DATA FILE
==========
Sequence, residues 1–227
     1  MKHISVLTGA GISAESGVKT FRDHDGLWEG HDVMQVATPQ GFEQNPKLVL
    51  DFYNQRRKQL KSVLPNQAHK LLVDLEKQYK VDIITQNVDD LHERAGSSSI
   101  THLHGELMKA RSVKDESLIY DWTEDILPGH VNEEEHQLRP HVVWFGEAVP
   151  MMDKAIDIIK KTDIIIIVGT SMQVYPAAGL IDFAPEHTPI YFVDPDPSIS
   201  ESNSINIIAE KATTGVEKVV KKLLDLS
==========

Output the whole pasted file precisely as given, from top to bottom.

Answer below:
Sequence, residues 1–227
     1  MKHISVLTGA GISAESGVKT FRDHDGLWEG HDVMQVATPQ GFEQNPKLVL
    51  DFYNQRRKQL KSVLPNQAHK LLVDLEKQYK VDIITQNVDD LHERAGSSSI
   101  THLHGELMKA RSVKDESLIY DWTEDILPGH VNEEEHQLRP HVVWFGEAVP
   151  MMDKAIDIIK KTDIIIIVGT SMQVYPAAGL IDFAPEHTPI YFVDPDPSIS
   201  ESNSINIIAE KATTGVEKVV KKLLDLS